But let me also say this to add on to what "mofoca 22" said. The problem also was Elvis chose to keep the set/song list the same pretty much through out the 70's to where he was singing the same songs over & over, which is why I've chose to just only buy the live albums that was released during his life time and nothing else except those that was included on box sets, such as the unreleased live June '75 show in Dallas on the "Elvis Aron Presley" box set where he introduces his latest single at the time which was for "T-R-O-U-B-L-E", and the San Antonio show from April of '72 on the "Elvis Close Up" box set. Even the "Old Songs" as "Mofoca 22 had stated, was pretty much the same. Elvis was trying to grow up so to speak, but I don't think the fans let him. He was trying to move away from songs like "Hound Dog", "Love Me Tender", "Jailhouse Rock etc, but he couldn't. Those songs were nice for the "Comeback Special" 'cos he hadn't performed in years, so doing songs that people knew was a given, but after that Elvis was haunted buy 'em for the rest of his life. But it sure would've been nice to hear "Love Me, Love The Life I Lead" "Pieces Of My Life" etc. But, it was never meant to be I guess.
shakey leg (profilecontact) wrote on Aug 24, 2009report abuse
Well said Mofoca 22, I agree.
Mystery Rider (profilecontact) wrote on Aug 20, 2009report abuse
Elvis should have given more time to Himself and family instead of to his fans and Cling-ons he carried all those years. A Movie once a year more music with the nashville sound and 2 short engagements or a TV Special, but the clings had to be fed, and the Colonels bad habits had to be covered. Elvis didnt know how to say no.
hillbillycatlover (profilecontact) wrote on Aug 3, 2009report abuse
I agree with those that say give it a rest, the constant criticism that Elvis had to live with still goes on and on. Richard Abowitiz's tone is negative and overly critical of only the best entertainer and singer we have ever had ! Right, "It's easy for him...he doesn't have to face the crowd..."
Pachakuti! (profilecontact) wrote on Aug 3, 2009report abuse
I have to agree with MickeyN, Sitdown68 and benny scott. Though some good points are addressed, there's no need to talk about Elvis like that. He was still a remarkable singer near the end, albeit not doing as much physical rock 'n roll as in 1969. So all in all the reviewer is a bit harsh in his tone and I'd tell him: It's Easy For You!
benny scott (profilecontact) wrote on Aug 1, 2009report abuse
MickeyN and sitdown68 : amen to that ! Always El.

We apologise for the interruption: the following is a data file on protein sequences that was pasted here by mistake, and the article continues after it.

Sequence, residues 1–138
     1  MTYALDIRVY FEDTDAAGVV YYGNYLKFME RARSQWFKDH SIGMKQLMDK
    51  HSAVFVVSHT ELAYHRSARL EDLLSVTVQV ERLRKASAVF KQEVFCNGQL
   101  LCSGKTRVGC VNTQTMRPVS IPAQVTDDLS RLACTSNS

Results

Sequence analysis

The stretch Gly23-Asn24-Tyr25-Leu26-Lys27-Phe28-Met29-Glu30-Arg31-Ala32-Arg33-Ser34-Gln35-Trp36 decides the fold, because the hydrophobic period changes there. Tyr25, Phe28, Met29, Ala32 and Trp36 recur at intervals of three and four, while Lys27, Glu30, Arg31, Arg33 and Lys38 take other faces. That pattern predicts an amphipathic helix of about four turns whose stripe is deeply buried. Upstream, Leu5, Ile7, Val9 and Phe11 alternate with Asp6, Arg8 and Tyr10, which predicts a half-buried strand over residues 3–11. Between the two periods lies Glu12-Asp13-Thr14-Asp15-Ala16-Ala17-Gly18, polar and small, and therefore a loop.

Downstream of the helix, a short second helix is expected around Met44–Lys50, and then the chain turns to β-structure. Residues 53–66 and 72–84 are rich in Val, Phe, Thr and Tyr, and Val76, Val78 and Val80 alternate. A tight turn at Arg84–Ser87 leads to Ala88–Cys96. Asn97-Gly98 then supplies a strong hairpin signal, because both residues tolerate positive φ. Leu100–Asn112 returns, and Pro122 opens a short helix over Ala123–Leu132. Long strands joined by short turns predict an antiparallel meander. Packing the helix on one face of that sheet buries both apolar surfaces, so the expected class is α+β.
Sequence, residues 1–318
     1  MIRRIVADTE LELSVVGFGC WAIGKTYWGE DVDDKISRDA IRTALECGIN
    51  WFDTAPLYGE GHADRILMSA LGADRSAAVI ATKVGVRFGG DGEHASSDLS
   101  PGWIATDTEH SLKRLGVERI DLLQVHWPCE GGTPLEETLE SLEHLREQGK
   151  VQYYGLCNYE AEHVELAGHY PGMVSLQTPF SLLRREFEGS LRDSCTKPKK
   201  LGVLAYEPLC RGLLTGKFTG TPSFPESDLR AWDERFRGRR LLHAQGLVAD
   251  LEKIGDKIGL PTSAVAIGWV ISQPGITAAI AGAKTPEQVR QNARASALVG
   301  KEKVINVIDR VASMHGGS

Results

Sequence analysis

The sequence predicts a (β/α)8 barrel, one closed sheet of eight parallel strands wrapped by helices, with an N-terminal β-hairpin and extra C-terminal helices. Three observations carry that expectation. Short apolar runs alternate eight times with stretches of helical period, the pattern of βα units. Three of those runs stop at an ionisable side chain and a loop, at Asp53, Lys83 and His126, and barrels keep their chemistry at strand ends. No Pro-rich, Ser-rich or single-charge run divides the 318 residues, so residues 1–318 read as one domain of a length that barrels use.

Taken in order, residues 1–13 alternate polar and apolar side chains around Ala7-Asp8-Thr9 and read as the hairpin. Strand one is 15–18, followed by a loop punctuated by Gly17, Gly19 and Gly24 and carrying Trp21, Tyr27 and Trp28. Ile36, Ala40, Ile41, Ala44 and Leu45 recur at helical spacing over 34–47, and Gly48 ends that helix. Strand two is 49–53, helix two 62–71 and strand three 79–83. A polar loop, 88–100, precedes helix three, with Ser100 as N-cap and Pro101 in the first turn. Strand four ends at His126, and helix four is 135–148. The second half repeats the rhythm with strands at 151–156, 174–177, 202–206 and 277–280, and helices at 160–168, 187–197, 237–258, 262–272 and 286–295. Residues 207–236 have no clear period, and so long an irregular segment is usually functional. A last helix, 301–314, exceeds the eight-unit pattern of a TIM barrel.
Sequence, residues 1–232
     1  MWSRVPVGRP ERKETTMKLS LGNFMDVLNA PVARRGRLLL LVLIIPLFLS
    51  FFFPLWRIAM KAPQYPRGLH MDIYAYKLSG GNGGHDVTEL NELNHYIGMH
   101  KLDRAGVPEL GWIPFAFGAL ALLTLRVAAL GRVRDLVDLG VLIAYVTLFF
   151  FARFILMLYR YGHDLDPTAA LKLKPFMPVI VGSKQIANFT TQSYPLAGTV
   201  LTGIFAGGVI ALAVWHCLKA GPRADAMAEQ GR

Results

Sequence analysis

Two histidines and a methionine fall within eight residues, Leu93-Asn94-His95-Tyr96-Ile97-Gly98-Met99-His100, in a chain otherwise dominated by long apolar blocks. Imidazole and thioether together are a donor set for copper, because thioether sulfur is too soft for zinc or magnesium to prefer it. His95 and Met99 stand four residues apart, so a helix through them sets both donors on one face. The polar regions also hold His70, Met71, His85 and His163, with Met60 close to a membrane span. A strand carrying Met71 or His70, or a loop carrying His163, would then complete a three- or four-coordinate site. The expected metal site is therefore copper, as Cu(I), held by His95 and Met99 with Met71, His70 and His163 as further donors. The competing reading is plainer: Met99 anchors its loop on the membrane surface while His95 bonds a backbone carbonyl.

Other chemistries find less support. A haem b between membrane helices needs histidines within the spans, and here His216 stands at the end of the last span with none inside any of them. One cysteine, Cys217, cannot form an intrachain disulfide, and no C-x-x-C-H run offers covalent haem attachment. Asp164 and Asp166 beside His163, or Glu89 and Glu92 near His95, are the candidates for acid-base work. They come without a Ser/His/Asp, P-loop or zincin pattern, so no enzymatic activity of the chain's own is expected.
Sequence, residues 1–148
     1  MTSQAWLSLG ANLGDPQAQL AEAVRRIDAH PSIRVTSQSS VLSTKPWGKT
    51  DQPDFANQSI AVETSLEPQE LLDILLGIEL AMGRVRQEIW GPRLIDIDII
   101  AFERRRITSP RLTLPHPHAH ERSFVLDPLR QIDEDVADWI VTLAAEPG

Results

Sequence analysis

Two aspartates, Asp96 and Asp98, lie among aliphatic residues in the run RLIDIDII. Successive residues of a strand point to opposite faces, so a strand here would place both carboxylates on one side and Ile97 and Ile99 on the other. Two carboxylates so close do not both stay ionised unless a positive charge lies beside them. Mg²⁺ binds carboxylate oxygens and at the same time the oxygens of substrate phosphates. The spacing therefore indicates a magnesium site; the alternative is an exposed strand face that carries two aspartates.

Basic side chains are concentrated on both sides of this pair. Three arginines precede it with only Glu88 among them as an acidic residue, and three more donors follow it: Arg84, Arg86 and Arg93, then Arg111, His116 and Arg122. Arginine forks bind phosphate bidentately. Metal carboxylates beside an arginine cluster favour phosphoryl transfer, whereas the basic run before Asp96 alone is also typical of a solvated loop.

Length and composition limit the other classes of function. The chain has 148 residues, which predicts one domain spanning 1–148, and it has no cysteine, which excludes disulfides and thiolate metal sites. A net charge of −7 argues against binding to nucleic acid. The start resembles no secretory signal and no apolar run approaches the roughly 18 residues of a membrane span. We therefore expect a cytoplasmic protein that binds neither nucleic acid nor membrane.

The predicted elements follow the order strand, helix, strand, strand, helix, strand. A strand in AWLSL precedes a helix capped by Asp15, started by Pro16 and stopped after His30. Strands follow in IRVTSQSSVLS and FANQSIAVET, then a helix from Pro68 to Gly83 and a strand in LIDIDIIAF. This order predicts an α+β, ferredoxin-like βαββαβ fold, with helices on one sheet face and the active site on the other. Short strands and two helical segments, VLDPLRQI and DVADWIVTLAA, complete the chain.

sitdown68 (profilecontact) wrote on Aug 1, 2009report abuse
unfortunately I never attended a presley concert. would have loved to, had he lived. but that's the facts. well, according to the repeated repertoire: look at dylan (been twice to a concert), compared some of the setlists of his neverending tour...he doen'nt do much different. he didn't while I was attending his concerts 99 and 05. so I guess this is a very common phenomena. he wouldn't have played different songs doing a world tour. so, the bad thing is the illnes, the addiction, I wonder why Ray Charles managed to get rid of it while Elvis did not. But, one is responsible for ones decisions...
Mofoca22 (profilecontact) wrote on Aug 1, 2009report abuse
vegas didnt kill elvis, its the touring that did it. at least in vegas elvis could actually settle down and enjoy himself before his friends and manager were turning on him. and blam can be directed at the fans. everytime he'd try something new the fans would shout for his old 50's classics. he made better music in my opinion from 1969 right till he died. but because everyone wanted him to sing the old stuff all the time the new stuff was always overlooked. i mean come on who wouldve loved to hear elvis sing love me, love the life i lead in concert? or other songs he done in the 70's like we can make the morning?
MickeyN (profilecontact) wrote on Aug 1, 2009report abuse
No, sorry, I don't think this is a good article. Elvis played over 1100 concerts in the last 7 years of his life (over 800 successive sell out gigs at the LV Hilton/International). It is always easy to find the odd forgotten lyric or rambling monologue, but the fact is Elvis played to sell out crowds who always left satisfied that they had seen something special. Just because Elvis did not try to be a forty year old teenage rebel does not mean he was a "parody". His music and his voice still retained a magical quality to the end - just listen to the power of "How Great Thou Art" in his last concert. "The door once shut by Presley's decay...", "The grave it became for Presley...", "The Curse of Elvis.." Give it a rest please.
Steve V (profilecontact) wrote on Jul 31, 2009report abuse
On target and I agree with most of it except when he states the Vegas sound was 'a sound he had a large hand in creating (compared with his produced studio work). Elvis had a huge hand in creating his early studio sound at least. Later on, maybe not so much. Anyway, good article and sad but true.
Monster (profilecontact) wrote on Jul 31, 2009report abuse
Very nice article, well considered and very well argued.

Misc.: 10 most recent articles


Recently Added Shop Items